A STEM Program Blooms
June 05, 2017
Lewis & Clark creates pathways to success for first-generation college students interested in science and math.
Simran Handa’s newlywed parents emigrated from their native India to the United States in the 1990s because they wanted their yet-to-be-born children to get the education they had missed.
Handa, who grew up in the Seattle area, knew she was expected to study hard and set her sights on a top college. She recognizes how hard her parents—who started out working as convenience store clerks and now own several 7-Elevens—strived to give her that opportunity. She says, “I owe everything to them.”
Thanks to a Lewis & Clark initiative aimed at supporting the success of first-generation college students, she is not only meeting her parents’ expectations but also her own. Handa, a junior biochemistry and molecular biology major, works in a research lab with Greg Hermann, professor of biology and department chair. Together, they do research with C. elegans, a millimeter-long worm that is considered by many to be one of the best models for studying how a fertilized egg develops into a complex multicellular animal.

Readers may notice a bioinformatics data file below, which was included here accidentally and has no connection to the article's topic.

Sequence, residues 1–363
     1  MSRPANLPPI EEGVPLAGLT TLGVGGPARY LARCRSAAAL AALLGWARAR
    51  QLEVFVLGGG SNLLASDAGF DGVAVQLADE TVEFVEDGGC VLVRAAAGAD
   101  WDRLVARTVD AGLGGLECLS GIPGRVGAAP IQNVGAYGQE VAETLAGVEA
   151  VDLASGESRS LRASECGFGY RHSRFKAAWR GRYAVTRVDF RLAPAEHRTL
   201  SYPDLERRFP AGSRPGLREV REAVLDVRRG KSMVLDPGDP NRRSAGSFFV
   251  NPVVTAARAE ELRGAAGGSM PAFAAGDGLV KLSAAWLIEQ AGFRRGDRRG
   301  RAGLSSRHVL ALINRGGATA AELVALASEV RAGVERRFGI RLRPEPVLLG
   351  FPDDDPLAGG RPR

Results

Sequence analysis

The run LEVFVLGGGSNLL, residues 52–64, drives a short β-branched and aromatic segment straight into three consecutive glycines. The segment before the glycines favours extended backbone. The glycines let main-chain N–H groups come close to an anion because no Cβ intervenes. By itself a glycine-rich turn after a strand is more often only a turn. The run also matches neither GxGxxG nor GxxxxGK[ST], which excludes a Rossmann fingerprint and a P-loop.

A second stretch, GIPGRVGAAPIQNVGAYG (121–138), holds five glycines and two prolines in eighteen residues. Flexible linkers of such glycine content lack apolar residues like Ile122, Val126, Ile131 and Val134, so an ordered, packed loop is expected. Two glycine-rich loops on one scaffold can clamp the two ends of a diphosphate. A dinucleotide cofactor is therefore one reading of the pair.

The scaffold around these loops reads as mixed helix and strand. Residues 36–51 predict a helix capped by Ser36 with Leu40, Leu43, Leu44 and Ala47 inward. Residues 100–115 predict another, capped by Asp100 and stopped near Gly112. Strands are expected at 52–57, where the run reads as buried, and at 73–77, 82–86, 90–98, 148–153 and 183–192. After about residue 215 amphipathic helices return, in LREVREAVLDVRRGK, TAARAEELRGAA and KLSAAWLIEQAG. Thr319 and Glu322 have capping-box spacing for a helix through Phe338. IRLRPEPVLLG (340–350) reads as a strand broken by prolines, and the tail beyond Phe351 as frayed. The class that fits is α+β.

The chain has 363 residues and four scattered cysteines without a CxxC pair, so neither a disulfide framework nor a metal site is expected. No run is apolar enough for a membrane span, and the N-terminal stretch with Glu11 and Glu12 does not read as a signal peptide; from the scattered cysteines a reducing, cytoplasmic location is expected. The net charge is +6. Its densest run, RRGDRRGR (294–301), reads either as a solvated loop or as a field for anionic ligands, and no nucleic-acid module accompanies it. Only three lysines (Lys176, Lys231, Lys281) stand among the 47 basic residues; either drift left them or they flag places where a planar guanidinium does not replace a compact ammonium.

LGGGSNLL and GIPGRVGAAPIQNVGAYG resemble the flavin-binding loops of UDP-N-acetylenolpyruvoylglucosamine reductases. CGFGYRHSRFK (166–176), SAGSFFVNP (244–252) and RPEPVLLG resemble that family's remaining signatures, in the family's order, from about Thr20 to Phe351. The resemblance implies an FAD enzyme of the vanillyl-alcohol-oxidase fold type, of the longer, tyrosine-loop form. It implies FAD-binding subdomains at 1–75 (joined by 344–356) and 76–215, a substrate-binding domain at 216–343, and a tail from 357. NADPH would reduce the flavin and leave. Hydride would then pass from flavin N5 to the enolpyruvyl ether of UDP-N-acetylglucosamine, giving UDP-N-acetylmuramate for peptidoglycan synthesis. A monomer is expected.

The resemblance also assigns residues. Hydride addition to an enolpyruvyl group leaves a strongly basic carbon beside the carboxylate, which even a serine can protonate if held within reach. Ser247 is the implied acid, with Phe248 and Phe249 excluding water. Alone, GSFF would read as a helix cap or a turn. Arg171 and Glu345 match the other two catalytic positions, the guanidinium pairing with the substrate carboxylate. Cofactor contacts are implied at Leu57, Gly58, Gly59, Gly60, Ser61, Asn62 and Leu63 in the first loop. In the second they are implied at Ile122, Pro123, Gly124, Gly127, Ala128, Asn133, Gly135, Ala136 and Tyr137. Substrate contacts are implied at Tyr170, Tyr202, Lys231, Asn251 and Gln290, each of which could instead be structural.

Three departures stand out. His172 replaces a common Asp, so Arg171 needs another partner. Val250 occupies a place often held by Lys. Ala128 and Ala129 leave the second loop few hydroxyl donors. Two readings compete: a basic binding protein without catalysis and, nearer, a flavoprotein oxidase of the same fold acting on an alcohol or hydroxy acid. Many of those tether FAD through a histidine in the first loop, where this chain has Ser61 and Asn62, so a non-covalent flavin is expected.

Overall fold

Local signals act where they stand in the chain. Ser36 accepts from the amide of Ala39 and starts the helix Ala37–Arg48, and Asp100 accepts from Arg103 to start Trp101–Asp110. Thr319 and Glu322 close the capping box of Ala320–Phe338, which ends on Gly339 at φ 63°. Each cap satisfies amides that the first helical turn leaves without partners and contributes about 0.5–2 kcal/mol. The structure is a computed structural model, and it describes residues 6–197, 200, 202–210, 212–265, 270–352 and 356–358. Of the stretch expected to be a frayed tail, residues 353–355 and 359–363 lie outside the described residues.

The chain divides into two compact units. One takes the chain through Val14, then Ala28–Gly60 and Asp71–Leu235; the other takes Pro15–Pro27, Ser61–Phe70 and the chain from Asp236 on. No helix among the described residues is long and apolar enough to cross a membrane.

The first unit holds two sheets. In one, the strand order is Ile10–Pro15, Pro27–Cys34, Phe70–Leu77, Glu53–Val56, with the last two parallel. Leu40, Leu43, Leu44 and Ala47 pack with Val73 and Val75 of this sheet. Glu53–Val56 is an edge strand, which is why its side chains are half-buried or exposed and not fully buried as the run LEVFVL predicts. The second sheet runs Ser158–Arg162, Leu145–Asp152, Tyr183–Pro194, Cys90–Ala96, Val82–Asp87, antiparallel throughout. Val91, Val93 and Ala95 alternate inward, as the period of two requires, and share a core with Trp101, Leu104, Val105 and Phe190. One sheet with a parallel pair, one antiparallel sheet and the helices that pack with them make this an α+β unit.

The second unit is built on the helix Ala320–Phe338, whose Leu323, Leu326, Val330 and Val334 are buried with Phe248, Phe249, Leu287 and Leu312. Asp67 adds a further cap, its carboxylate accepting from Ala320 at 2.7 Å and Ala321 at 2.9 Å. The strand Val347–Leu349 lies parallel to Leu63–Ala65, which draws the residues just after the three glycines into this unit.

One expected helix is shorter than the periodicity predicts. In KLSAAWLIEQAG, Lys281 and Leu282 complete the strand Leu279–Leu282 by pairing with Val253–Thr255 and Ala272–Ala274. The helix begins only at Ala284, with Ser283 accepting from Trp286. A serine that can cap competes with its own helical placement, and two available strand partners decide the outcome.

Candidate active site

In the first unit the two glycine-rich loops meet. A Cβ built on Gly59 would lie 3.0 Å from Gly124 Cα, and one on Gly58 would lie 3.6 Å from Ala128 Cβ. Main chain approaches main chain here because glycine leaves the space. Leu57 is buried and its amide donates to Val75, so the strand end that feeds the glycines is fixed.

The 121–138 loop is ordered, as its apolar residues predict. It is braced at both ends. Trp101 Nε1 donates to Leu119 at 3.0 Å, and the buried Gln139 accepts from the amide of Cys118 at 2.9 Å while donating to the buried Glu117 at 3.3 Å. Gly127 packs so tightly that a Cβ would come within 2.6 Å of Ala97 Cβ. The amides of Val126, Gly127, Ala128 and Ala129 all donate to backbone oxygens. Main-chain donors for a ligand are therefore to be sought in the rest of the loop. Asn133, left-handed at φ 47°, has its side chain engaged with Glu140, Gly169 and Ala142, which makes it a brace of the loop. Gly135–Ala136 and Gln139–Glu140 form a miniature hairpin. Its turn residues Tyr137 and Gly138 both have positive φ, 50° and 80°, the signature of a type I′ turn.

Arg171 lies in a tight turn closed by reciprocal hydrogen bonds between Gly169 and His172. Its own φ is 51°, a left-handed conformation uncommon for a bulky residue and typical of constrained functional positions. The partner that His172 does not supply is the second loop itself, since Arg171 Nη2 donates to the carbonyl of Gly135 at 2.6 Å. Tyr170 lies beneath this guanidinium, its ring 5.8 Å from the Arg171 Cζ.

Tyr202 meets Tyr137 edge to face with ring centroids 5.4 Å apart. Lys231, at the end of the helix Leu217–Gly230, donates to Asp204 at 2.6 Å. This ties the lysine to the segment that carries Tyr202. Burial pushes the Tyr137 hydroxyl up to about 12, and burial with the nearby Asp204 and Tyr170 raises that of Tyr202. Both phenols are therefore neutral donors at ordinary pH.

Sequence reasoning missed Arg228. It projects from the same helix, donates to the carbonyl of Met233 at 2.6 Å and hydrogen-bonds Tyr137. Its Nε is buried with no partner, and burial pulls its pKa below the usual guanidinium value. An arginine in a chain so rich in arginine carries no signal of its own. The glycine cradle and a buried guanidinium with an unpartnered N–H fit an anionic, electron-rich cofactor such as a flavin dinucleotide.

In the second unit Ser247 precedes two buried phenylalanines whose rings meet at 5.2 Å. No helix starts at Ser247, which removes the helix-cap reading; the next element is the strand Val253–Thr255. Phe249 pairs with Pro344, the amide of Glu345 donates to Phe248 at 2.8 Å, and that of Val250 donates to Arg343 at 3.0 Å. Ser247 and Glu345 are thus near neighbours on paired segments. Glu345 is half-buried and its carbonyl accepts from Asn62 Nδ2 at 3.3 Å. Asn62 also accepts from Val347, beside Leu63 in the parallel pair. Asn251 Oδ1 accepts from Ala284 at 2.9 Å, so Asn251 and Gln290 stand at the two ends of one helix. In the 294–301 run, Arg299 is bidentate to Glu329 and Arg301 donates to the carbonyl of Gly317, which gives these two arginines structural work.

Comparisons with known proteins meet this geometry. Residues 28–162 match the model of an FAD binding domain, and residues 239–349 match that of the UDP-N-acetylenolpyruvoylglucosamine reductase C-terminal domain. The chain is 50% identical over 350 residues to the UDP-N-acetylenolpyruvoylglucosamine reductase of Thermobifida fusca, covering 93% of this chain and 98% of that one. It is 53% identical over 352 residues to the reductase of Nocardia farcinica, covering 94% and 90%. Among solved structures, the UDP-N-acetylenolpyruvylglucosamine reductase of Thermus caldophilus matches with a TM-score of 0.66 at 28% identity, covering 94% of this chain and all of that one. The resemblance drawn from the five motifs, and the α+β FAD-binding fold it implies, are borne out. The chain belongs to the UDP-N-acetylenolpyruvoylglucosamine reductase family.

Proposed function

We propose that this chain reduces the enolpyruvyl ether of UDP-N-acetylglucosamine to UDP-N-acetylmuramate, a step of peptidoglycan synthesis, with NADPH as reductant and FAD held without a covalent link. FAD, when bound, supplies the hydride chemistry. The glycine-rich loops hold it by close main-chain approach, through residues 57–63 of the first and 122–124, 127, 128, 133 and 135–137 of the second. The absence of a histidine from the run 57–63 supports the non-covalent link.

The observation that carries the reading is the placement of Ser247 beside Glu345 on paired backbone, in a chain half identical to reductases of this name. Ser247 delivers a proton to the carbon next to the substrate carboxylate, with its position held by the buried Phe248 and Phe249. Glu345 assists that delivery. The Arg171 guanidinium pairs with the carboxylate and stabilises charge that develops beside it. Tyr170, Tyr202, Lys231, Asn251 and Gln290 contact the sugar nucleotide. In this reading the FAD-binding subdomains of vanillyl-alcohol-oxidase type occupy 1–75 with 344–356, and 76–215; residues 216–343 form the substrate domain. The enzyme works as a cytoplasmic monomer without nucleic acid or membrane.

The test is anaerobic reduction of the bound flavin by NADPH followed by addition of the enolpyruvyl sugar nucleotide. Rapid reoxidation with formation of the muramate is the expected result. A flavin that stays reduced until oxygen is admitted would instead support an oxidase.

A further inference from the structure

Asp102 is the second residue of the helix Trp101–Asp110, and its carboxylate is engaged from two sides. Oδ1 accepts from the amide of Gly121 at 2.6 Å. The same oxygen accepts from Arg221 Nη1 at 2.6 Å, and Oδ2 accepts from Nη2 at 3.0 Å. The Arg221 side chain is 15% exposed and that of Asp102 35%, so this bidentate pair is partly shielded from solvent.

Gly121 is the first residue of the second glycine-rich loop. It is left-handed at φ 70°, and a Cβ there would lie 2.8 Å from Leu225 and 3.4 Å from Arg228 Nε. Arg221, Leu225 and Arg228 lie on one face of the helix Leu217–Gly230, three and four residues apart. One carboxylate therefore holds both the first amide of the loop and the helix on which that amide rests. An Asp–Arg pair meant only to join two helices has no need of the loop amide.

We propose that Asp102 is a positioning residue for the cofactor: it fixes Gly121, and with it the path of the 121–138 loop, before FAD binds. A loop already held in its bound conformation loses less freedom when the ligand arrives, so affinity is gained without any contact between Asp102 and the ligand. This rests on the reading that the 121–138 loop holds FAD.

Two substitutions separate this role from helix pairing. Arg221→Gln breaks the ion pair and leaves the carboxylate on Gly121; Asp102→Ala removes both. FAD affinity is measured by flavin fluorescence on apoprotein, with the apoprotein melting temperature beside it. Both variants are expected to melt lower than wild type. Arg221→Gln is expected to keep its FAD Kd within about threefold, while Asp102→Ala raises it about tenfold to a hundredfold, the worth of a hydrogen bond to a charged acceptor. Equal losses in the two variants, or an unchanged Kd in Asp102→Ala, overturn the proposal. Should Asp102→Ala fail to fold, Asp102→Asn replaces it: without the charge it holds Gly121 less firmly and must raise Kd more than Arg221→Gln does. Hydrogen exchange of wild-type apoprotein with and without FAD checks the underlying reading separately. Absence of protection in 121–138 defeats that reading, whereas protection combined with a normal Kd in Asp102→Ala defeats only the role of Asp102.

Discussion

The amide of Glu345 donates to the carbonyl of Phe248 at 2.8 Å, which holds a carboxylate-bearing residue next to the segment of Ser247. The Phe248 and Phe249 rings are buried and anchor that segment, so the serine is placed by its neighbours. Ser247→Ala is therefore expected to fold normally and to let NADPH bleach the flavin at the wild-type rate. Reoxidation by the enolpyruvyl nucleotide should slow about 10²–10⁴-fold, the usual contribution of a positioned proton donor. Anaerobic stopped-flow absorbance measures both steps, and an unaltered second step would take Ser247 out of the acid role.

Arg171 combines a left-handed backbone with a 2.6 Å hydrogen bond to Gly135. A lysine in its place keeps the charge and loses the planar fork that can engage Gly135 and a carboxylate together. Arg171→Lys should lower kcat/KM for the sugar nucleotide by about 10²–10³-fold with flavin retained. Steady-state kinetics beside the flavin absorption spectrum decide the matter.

Part of her work involves using a powerful laser-scanning confocal microscope. “It definitely isn’t common for an undergraduate to have access to such an expensive piece of equipment,” says Handa, who hopes to one day herself become a medical researcher and a mentor to younger scientists. “Actually getting to see and do the things most students just read about in a textbook is an amazing opportunity.”
Handa is a participant in Lewis & Clark Pathways to Success in STEM (science, technology, engineering, and math), a multifaceted program that helps first-generation college students realize their full potential. Now in its second year, funded by a three-year anonymous foundation grant, the program is gaining momentum and creating new cohorts of successful STEM students.
About 13 percent of Lewis & Clark undergraduates are the first members of their families to attend college—that translates to about 70 students a year, many from low-income and underrepresented-minority backgrounds. At Lewis & Clark, about 1 in 5 incoming first-generation students expresses interest in studying science or math, and 3 out of 5 of those students earn a degree in those subjects.
“We are trying to create an environment where every student interested in science gets the chance to succeed,” says biologist Paulette Bierzychudek, the William Swindells Sr. Professor of Natural Sciences and cochair of Pathways.